Feldheim responded the following day.

"To say you have been ignored or that Bruce and I have not taken this seriously is incorrect," Feldheim wrote. "However, I feel that a correction or quick retraction of all of our papers without looking into this deeply to understand what is going on would not be very smart."

The following day, Feldheim provided images from an electron microscope long requested by Franzen. "I would normally find it difficult to hand over my data to someone who has called me a cheat and a liar, but what the hell, you have seen these at least twice before," Feldheim wrote in an email.

The images that Feldheim used to support the articles included two slides that he said led to the statement about the formation of palladium crystals. The first was from Gugliotti's original research. The second was a composite image.

"So my students may only report what they think I want to see," Feldheim wrote, "I may have misinterpreted the diffraction, or maybe these complexes are just weird. But I am not a liar or a cheat."

Franzen was not satisfied. The first image was among those that were not indexed, meaning that the microscope had not been calibrated properly. And Feldheim would not provide him with the original data involving the second image, which Franzen acknowledged could be palladium.

The matter came to a head at a meeting on Oct. 17, 2006. Franzen handed out a short manuscript that would correct errors in the 2004 Science article.

Feldheim reacted angrily and responded with a legal threat, Franzen said. Feldheim claimed the correction relied on a chemical formula made in his laboratory. The formula, closely related to the RNA "secret sauce" used in the experiment that led to the article, was the property of SomaLogic, the company Eaton had joined in Colorado.

Feldheim said SomaLogic would sue N.C. State if the correction were submitted, documents show.

Feldheim did not discuss the scientific issues at the meeting, Franzen said. Instead, he accused Franzen of misusing grant money. Feldheim also said a scientist at the Lawrence Livermore National Laboratory had independently verified the work. He wouldn't identify the scientist.

Soon after the meeting, Franzen formally accused Feldheim and Eaton of academic misconduct and asked N.C. State to conduct an investigation. The university appointed a panel of five professors to look into the claim.

Calling in the lawyers

The dispute soon spilled beyond the pages of scientific journals into the offices of lawyers employed by N.C. State.

Franzen had to get permission from the university's legal counsel before proceeding with the correction to Science. Letters flew between lawyers for the university and for Eaton and SomaLogic. (Asked by The News & Observer for the correspondence, N.C. State refused or provided letters with the text completely blacked out, saying the letters were part of the personnel files of Eaton and Feldheim.)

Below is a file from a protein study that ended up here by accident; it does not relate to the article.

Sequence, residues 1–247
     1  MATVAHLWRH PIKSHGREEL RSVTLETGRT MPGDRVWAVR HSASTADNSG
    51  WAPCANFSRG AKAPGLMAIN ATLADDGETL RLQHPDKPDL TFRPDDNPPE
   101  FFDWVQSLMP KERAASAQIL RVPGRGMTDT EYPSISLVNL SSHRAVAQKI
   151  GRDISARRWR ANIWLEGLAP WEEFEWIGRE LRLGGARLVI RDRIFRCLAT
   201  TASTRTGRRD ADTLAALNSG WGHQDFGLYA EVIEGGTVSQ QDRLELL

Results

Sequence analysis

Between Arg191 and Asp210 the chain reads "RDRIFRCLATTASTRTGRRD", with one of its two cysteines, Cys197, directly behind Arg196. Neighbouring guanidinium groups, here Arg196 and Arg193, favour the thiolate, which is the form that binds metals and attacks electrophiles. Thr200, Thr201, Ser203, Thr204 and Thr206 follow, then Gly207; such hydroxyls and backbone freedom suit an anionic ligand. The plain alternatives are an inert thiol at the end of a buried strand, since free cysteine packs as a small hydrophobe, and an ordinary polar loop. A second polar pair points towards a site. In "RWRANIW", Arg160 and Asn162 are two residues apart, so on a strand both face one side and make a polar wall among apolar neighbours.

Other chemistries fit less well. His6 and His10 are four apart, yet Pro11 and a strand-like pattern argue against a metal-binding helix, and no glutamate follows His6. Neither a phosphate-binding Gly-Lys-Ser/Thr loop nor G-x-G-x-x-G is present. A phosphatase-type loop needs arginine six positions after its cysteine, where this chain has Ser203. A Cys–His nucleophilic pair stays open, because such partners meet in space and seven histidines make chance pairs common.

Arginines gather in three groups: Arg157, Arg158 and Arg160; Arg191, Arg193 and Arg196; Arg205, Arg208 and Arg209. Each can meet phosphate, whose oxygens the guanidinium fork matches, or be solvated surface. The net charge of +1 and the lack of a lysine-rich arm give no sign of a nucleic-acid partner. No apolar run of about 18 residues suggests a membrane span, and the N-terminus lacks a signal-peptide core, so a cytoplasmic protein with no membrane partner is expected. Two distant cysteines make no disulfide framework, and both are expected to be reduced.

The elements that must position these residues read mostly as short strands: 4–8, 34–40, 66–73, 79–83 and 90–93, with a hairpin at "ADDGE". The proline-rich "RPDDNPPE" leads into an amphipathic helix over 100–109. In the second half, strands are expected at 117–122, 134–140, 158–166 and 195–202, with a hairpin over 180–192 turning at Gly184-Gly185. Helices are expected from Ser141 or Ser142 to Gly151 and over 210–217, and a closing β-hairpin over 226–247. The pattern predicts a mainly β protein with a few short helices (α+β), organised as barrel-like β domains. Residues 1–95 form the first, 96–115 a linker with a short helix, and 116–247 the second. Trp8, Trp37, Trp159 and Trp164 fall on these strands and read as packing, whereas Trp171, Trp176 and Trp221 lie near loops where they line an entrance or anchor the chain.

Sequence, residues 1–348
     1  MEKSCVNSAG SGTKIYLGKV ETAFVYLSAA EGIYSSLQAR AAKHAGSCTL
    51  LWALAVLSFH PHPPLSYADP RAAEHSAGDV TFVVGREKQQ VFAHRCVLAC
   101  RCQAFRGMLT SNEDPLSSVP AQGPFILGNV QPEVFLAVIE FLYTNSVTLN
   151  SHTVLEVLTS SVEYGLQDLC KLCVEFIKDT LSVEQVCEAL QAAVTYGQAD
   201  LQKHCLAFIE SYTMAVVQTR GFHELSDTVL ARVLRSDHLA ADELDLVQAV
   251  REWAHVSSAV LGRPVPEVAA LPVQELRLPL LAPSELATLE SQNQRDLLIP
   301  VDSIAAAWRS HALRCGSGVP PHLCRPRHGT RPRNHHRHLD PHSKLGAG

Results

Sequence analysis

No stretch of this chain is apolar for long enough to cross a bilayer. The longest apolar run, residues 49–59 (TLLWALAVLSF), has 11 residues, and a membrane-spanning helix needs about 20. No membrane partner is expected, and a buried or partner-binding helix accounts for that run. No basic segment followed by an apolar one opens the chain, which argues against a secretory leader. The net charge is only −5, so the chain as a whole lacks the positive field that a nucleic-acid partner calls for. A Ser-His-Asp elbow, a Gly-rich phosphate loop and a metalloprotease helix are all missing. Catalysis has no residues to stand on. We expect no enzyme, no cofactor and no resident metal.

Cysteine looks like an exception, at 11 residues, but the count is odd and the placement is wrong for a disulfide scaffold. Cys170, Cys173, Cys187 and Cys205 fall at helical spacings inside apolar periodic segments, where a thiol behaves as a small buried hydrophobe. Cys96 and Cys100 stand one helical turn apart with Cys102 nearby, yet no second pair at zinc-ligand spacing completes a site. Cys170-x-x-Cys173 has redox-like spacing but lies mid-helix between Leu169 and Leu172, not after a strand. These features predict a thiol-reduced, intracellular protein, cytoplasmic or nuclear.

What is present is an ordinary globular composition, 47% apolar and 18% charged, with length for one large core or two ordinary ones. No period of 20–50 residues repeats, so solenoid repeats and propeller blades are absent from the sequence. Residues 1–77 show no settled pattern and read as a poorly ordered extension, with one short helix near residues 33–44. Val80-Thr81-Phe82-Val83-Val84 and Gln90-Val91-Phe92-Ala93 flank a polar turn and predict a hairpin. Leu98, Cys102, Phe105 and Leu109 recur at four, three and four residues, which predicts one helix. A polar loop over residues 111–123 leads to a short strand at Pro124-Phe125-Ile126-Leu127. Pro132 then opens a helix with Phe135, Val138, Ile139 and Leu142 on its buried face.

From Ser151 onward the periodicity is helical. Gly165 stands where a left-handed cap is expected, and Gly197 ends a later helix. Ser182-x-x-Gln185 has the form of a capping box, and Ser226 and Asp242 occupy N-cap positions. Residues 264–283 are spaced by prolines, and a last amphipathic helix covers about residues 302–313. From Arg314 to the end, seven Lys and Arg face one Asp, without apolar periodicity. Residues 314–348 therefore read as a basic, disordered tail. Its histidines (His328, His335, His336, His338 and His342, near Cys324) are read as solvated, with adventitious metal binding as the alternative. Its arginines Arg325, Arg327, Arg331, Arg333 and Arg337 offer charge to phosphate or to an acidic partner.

After Franzen sent his correction to Science, Feldheim and Eaton submitted a rebuttal. Their argument against Franzen was mostly scientific, yet sprinkled with adjectives typically not found in science journals: "misguided," "ill-informed," "technically imprecise," "erroneous," "brazen" and "illogical."

After having two "referee" scientists examine the exchange, Science chose not to run the correction. According to one referee, "much of this seems to be a personal attack on Feldheim and Eaton." One said that Franzen's approach was "unconscionable" and arrogant, while the other said that the proposed correction submitted by Franzen "makes these authors look like amateurs."

Franzen's submission covered his attempts to duplicate the experiments. He did not reveal that the images from Gugliotti's research were not indexed. Unindexed images are useless random patterns.

Franzen rewrote the correction into a full article published in December 2007 in perhaps the most prestigious journal for chemists, the Journal of the American Chemical Society.

The article drew a scathing response from Feldheim, who had left NCSU in summer 2007 to join Eaton at the University of Colorado. Feldheim repeatedly labeled Franzen's work as false (four times), deceptive (six), misleading (three), fictitious (twice) and demanded that the journal retract the article. It did not.

His top complaint was legal, not scientific: Franzen and his colleagues had analyzed a material that did not belong to them.

Eaton soon followed with a similar legal threat. A Colorado lawyer accused N.C. State of infringing on patents owned by Eaton and SomaLogic and demanded that the research immediately stop. The lawyer accused Franzen of using the patented compounds to attack the integrity of Eaton and his published research.

On June 30, 2008, the university investigative committee submitted its report on the 2004 Science paper to the NCSU administration. The investigation had a three-part test:

⢠Was there falsification? Yes. The paper had falsely asserted that the hexagonal particles were crystalline palladium, the committee ruled.

⢠Was the conduct a significant departure from accepted practices? Yes. The scientists had failed to identify the exact makeup of the particles through indexing, the committee said. The report quoted Donovan Leonard's reaction upon first seeing the images: "My jaw hit the floor at this point."

⢠Was the falsification knowing or intentional? No. The committee found that Lina Gugliotti was a novice in the use of a key electron microscope. The committee said the brunt of the responsibility fell on Feldheim, who should have been aware of the importance of proper indexing and failed to thoroughly consult with experts.